You will then need to examine their underside, best done by rolling them fully on their back, and similarly inspecting their tummy fur. Pay special attention to their joints – lumps can often grow in these difficult to detect locations, and make sure you run your hands fully along all their limbs.
Conclude the exam by a close examination of the pads of all four paws, where in addition to lumps and bumps, burrs and other foreign objects can cause problems.
4. What If I Find A Lump?
Firstly, the most important thing is that you DON’T PANIC. The vast majority of lumps found on dogs or dogs turn out to be completely benign – even some quite nasty looking one. If you come across any of the following common types of lump, simply note and record the location and arrange to see your vet at the earliest possible opportunity.
Some Common Lumps to Look Out For
Fatty Tumours – you may notice these soft, fatty lumps appearing on your pet, and largening and sagging with age. They tend to be more common in obese animals. Not all tumours are serious, but they should all be seen to.
Melanoma: a pigmented tumour which most frequency occurs on areas of the animal that are exposed to sunlight. Often initially circular, they may grow into a more blotchy shape and discolour with time. Melanomas are malignant and should be seen to by a vet as soon as identified.
Mast Cell Tumour – comprising of up to 25% of all tumours. They’re most common in dogs of middle and older age. Mast cell tumours can look like many other tumours, but they are actually a fast-growing form of cancer, so it’s vital to have them diagnosed accurately and quickly by a vet.
Sebaceous Cysts – these look like, basically are, and are of no more concern than the common pimple.
Warts – largely a cosmetic issue, you may notice these hard, dark circular areas of skin appear particularly around the animal’s mouth. They are nothing to be concerned with unless its annoying your pet or they are scratching at it.
Abscesses – the buildup of pus under the skin, usually associated with a wound to the pet, and usually painful or tender to the animal.
Hives – a rash of round, red weals on the skin that itch and swell. They are generally caused by a reaction of the skin to allergens such as bee stings. They sometimes they require treatment with steroids or antihistamines.
Lumps That Are Of Most Concern
As you can see, not all lumps and bumps on your pet are equally serious. For complete peace of mind, you should have anything unusual seen to by your vet, but the issue is most pressing if the lump exhibits one or more of the following features which may indicate the presence of a cancerous growth:
Change visibly in size or shape between inspections
Ooze or break open
Are firm and tightly fixed in place
Are abnormally coloured like melanomas
Before Seeing Your Vet
Knowing the answers to these questions before you take your animal to the vet will help them diagnose your dog’s “lump” quicker
Has the lump or bump appeared suddenly or has it been there a while?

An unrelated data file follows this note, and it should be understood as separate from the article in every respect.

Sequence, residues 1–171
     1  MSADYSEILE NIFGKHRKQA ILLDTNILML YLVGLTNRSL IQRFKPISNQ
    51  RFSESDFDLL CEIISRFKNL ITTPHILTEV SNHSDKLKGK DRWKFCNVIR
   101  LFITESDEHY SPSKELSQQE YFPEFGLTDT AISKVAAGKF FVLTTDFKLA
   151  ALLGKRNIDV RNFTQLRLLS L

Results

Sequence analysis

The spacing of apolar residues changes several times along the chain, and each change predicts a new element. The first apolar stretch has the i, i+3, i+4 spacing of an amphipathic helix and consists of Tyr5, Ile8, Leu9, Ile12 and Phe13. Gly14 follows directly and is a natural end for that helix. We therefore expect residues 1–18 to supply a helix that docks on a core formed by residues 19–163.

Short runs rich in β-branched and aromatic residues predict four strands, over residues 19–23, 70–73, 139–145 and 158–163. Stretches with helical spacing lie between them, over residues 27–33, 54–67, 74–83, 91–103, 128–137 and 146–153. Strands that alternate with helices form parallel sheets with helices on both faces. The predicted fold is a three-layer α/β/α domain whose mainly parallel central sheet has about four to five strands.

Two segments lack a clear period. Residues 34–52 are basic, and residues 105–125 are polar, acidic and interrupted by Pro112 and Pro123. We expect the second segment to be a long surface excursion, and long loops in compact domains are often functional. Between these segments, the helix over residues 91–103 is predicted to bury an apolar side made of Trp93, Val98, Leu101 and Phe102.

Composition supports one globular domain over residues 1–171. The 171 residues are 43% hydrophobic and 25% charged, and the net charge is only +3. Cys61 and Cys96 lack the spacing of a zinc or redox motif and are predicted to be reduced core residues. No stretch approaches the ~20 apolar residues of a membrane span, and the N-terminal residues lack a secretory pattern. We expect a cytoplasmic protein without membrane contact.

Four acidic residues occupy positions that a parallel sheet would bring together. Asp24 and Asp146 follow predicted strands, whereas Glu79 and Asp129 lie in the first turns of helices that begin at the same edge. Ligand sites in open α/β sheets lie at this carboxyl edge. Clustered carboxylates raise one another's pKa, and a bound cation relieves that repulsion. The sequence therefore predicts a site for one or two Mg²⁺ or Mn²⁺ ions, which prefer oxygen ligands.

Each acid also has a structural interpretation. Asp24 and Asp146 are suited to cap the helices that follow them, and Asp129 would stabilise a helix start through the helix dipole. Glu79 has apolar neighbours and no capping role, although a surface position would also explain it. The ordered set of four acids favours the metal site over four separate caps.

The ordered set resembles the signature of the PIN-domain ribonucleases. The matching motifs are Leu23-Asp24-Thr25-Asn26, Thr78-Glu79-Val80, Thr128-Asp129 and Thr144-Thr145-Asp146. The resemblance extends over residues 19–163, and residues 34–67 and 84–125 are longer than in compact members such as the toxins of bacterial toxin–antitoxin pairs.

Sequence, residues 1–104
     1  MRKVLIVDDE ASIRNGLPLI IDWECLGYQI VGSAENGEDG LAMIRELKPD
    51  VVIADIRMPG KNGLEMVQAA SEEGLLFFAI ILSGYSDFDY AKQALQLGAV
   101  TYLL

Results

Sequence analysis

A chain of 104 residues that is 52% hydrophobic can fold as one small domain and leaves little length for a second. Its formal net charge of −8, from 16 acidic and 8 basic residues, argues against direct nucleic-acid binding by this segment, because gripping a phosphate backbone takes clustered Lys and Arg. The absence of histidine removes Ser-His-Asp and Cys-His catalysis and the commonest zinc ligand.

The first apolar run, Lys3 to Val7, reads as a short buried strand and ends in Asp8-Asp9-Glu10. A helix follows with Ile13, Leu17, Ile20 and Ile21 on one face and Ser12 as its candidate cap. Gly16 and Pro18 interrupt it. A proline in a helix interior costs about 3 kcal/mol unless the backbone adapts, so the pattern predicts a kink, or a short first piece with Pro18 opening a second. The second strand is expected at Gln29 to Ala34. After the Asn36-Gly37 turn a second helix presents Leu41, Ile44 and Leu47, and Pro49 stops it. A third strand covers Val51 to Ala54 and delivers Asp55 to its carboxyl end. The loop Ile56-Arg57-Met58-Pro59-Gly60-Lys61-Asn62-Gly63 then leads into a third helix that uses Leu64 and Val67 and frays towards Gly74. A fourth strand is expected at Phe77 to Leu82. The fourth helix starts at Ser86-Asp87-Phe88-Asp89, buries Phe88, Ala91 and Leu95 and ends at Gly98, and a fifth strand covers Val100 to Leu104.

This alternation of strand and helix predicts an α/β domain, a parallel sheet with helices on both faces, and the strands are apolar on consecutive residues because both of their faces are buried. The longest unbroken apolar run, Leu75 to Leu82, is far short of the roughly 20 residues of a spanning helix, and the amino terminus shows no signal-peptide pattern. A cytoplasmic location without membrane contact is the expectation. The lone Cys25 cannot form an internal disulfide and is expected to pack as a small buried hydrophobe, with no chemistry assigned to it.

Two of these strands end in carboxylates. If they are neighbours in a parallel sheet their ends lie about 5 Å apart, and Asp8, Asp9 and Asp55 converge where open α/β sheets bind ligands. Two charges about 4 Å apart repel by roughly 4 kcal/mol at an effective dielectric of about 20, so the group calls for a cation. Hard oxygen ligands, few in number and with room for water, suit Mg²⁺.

Has the bump or lump stayed the same consistency or had the same appearance or has it recently changed?
Does the lump seem to separate from the underlying tissue or does it seem fixed in place?
Is there only one lump that you have found recently or are there multiple bumps?
Finally, has your pet shown any changes in behaviour such as loss of appetite, weight loss, vomiting, diarrhea, lethargy, or a dramatic change in overall attitude?
Dr Mitry shows us how a little preventative care can help make your pet’s senior years as happy and healthy as possible.
I’m often asked exactly when a dog or cat can be officially considered a ‘senior’ animal – but the fact is it’s impossible to give a blanket answer to that question – you’re asking ‘how long is a piece of string?’
All animals ‘age’ differently and at different rates for a variety of reasons, some related to environment, some to lifestyle, some to size, some to species and genetics. So the word ‘senior’ is really only useful in this sense if we take it to mean ‘the age at which the animal’s health needs have become more acute’.
On average this will begin at around seven years of age in dogs and cats, but rather than worrying about a specific number, you really just need to know that the older they get, the more important it becomes to keep a stronger preventative eye on the sort of health problems that naturally emerge in animals as they age.
So, I thought it would be useful to have a quick run through the basic things you can do to spot, avoid and manage health and well-being issues in elderly dogs and cats (although the principles I’m talking about generally apply to any companion animal).
1. Ensure regular veterinary check-ups
You’ll note a common thread in many of the conditions I discuss below is that early detection and diagnosis is almost always key to making sure that the severity of non-preventable ageing issues is minimised so your dog or cat can continue to enjoy their senior years and you keep them happy and healthy by your side as long as possible.
Once your pet starts showing signs of any of the following chronic ageing issues, we strongly recommend following a regime of veterinary checkups every six months.
2. Ensure they get regular, appropriate exercise
As your dog or cat ages, you may find their enthusiasm for exercise declines, which can result in a tendency to develop obesity, diabetes, heart and even toenail and claw problems.